Can I write my own jury instructions in Nevada?

Posted by Neil Shouse | Jan 20, 2015 | 0 Comments

Parts of it. It is a collaborative effort between the defense and prosecution.

After the defense and prosecution in a Nevada jury trial have presented all their evidence and witnesses, they have the opportunity to submit jury instructions to the judge. Like it sounds, jury instructions are the guidelines and laws the jury must abide by when deliberating over what verdict to hand down. The judge reads the jury the instructions prior to closing arguments, and the jury takes the instructions with them into the jury room to refer to when they are deliberating.

Jury instructions are ultimately a collaborative writing process between the defense attorneys and deputy district attorneys, with the judge acting as the umpire. Each side writes its own instructions and/or copies favorable instructions from other cases in Nevada or similar jurisdictions. Each side has the opportunity in court (outside the presence of the jury) to object to each other's jury instructions, and the judge makes the final decision over which jury instructions get included.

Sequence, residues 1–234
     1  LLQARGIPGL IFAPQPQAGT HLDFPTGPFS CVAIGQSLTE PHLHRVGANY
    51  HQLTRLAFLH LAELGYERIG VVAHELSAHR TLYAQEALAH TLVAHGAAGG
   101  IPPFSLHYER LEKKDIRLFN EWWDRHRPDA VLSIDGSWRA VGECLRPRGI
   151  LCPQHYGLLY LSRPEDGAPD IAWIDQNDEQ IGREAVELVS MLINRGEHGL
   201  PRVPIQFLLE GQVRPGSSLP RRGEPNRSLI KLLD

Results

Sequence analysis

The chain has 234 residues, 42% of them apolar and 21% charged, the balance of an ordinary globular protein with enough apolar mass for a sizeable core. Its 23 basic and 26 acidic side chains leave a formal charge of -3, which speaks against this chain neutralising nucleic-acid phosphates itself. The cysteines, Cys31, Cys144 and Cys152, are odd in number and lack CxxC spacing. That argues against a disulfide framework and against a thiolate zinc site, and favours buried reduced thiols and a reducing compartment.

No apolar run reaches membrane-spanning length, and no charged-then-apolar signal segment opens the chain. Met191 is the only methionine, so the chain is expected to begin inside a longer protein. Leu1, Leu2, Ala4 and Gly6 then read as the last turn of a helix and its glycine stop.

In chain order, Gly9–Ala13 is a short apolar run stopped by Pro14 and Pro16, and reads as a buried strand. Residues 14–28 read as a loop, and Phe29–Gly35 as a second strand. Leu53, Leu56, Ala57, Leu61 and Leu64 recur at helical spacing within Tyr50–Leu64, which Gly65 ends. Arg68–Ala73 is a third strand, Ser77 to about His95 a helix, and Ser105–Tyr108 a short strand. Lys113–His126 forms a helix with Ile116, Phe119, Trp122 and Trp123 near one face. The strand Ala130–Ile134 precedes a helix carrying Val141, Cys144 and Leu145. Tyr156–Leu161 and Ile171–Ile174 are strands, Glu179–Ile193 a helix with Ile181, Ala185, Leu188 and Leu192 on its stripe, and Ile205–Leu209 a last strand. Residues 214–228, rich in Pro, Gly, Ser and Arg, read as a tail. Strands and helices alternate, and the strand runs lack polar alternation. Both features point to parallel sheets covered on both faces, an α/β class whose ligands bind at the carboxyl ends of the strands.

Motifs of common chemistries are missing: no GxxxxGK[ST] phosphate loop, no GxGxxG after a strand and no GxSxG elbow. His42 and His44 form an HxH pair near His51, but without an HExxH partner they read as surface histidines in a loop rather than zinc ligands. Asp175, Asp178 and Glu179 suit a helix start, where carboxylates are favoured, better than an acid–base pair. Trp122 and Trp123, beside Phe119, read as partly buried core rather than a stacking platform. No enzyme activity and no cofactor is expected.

Typically jury instructions include the legal definition of all the crimes the defendant is accused of, and these definitions include the elements of the offense. Jury instructions also include instructions on how to weigh evidence ("beyond a reasonable doubt") and how to decide whether a witness is credible or not. Juries may then ask the judge for clarification if they do not understand the jury instructions. (Read our article about bench trials versus jury trials in Nevada.)

About the Author

Neil Shouse

A former Los Angeles prosecutor, attorney Neil Shouse graduated with honors from UC Berkeley and Harvard Law School (and completed additional graduate studies at MIT). He has been featured on CNN, Good Morning America, Dr Phil, Court TV, The Today Show and Court TV. Mr Shouse has been recognized by the National Trial Lawyers as one of the Top 100 Criminal and Top 100 Civil Attorneys.


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